Emma Goldman, American anarchist and feminist, advocate of free speech, birth control, and the eight-hour work day, was arrested in New York City on February 11, 1916—just prior to giving another public lecture on family planning.
She was charged with violating the Comstock Act, an 1873 law banning transportation of “obscene” matter through the mail or across state lines.
At the time, federal courts interpreted the act as prohibiting distribution of information about contraception.
[W]hen a law has outgrown time and necessity, it must go and the only way to get rid of the law, is to awaken the public to the fact that it has outlived its purposes and that is precisely what I have been doing and mean to do in the future.
The term “anarchy” is derived from the Greek “anarchos” (“without ruler”).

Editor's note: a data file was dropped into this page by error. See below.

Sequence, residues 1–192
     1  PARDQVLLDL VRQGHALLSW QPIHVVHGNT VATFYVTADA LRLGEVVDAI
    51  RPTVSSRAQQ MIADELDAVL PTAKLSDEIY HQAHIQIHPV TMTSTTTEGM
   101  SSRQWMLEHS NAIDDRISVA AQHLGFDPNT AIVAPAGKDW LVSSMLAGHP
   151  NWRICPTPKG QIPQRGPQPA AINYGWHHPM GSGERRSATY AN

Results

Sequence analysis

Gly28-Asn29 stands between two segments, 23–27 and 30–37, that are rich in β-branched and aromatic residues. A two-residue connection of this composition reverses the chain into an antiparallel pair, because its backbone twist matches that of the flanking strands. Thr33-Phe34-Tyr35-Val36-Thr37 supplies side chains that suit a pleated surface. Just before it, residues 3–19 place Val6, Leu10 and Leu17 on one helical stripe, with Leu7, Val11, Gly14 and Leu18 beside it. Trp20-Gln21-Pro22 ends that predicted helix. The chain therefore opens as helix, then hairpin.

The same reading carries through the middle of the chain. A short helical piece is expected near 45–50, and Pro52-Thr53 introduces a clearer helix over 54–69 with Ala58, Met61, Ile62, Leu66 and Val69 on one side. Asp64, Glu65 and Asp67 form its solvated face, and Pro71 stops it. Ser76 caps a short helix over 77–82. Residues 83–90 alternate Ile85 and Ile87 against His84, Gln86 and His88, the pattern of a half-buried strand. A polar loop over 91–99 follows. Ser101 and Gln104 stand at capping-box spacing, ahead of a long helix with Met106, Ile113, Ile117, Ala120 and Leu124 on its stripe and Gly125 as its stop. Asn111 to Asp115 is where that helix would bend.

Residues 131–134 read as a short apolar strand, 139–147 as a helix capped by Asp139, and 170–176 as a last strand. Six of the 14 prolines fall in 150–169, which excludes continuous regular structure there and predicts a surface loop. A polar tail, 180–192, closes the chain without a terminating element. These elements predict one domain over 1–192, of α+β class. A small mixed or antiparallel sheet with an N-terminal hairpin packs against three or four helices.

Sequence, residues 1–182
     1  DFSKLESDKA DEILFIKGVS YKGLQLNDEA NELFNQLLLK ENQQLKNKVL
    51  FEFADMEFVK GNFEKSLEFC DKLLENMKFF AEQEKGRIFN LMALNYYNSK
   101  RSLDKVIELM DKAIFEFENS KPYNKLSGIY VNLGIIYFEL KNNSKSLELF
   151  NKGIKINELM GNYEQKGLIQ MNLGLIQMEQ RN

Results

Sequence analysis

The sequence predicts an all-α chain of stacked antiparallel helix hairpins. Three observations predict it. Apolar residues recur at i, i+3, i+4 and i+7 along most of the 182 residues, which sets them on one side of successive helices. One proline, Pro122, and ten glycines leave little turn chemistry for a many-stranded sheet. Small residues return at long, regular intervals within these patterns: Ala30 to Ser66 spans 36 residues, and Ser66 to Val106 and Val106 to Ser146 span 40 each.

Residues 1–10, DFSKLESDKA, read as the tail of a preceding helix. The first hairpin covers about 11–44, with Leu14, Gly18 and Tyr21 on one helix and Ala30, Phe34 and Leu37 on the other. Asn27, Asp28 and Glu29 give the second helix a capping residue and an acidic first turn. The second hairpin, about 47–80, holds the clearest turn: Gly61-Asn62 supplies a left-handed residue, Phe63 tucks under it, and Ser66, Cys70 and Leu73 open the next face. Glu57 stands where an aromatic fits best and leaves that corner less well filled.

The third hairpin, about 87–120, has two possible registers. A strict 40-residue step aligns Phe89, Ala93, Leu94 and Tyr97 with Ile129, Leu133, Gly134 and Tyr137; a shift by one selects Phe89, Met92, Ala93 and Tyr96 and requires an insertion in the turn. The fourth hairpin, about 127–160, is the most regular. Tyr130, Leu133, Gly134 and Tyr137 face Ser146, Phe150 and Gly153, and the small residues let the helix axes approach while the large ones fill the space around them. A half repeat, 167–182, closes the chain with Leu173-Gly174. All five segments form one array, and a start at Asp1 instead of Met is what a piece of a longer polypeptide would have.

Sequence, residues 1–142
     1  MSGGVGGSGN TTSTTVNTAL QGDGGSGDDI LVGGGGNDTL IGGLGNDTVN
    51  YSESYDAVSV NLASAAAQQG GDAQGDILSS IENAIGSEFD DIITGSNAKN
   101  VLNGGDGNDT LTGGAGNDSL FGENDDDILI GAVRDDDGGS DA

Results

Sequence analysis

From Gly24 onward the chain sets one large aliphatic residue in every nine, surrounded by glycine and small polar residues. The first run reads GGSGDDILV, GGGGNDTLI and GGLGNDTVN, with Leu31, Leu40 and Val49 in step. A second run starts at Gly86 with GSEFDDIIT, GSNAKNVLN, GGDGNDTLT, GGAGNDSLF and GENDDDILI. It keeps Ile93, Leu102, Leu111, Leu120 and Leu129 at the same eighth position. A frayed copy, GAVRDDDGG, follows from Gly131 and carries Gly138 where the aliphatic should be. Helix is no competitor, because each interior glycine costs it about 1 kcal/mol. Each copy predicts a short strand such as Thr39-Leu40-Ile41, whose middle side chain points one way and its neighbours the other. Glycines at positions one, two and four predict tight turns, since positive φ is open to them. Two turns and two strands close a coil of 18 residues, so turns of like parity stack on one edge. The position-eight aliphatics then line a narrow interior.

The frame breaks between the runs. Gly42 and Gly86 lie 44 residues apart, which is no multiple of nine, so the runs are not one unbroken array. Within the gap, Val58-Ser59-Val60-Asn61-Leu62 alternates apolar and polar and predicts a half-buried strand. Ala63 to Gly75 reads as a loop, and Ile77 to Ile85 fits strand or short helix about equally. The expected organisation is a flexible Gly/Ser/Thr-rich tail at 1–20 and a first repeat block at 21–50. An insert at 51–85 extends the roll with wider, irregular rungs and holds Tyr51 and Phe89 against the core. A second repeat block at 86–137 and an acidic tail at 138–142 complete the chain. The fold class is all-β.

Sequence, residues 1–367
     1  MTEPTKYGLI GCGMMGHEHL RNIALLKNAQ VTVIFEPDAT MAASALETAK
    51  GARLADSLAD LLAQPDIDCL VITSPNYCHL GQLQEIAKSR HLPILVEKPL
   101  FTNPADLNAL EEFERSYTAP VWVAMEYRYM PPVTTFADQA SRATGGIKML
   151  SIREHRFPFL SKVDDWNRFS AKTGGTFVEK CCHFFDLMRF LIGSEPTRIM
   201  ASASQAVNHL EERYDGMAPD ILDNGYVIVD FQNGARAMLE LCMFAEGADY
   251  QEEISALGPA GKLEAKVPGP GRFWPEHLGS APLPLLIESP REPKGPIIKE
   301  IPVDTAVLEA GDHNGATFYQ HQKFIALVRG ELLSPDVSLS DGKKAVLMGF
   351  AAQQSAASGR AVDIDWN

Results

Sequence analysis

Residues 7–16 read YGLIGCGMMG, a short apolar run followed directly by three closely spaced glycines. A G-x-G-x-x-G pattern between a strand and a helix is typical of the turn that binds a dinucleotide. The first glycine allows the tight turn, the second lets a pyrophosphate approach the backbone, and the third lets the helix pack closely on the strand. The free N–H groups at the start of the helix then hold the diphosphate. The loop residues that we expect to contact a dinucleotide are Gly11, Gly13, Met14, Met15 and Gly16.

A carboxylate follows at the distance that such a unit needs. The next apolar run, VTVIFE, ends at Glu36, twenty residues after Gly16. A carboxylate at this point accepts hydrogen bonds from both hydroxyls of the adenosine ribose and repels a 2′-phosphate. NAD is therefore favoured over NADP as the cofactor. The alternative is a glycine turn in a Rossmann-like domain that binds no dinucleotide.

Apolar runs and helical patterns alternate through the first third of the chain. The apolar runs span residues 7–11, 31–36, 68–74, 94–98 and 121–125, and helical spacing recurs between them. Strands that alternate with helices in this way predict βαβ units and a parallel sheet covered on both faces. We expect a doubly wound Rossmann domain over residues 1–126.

Up until the 19th Century, the term was generally used in a positive manner, to describe a coherent political belief, and it was only later that it became used pejoratively (to mean something akin to chaos).
Goldman was born on June 27, 1869, in Kovno (Kaunas), Lithuania, then part of the Russian Empire; by the time she was twelve, her family had moved to St. Like most Eastern European Jews, Goldman’s family suffered under the political oppression and anti-Semitism of imperial Russia.
She fled Russia with her sister Helena in 1885, settling in Rochester, New York, where they were soon joined by the rest of their family.
The People’s Library is our collective library which is named in the likeness of the famous pop-up libraries that existed throughout the Occupy Wall Street movement.
Our online archive begins with an introduction to anarchism and leads to many popular books, essays, and other resources that can be used for education, enlightenment, and empowerment.